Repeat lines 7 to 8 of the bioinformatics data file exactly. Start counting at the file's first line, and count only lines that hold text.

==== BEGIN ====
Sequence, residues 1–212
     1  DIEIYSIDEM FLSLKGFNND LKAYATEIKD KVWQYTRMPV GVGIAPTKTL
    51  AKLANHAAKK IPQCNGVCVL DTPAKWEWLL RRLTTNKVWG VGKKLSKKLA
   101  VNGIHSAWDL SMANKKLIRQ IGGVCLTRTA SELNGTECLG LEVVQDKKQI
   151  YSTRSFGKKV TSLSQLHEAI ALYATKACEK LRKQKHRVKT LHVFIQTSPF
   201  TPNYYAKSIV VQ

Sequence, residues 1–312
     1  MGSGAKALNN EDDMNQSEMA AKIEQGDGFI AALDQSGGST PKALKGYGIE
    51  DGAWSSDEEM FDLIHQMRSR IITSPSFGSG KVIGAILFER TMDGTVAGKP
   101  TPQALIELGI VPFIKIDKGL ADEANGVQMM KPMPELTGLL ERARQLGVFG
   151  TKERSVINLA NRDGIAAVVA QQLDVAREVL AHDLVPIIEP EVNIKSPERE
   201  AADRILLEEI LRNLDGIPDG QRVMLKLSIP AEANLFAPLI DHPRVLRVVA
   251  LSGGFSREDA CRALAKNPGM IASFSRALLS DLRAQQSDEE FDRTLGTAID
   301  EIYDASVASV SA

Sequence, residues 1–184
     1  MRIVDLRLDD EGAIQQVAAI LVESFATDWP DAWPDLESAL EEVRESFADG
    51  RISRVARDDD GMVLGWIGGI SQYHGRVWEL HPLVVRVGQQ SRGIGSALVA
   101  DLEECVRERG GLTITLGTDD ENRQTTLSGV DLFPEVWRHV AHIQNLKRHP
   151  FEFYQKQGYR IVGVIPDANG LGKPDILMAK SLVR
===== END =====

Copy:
Sequence, residues 1–312
     1  MGSGAKALNN EDDMNQSEMA AKIEQGDGFI AALDQSGGST PKALKGYGIE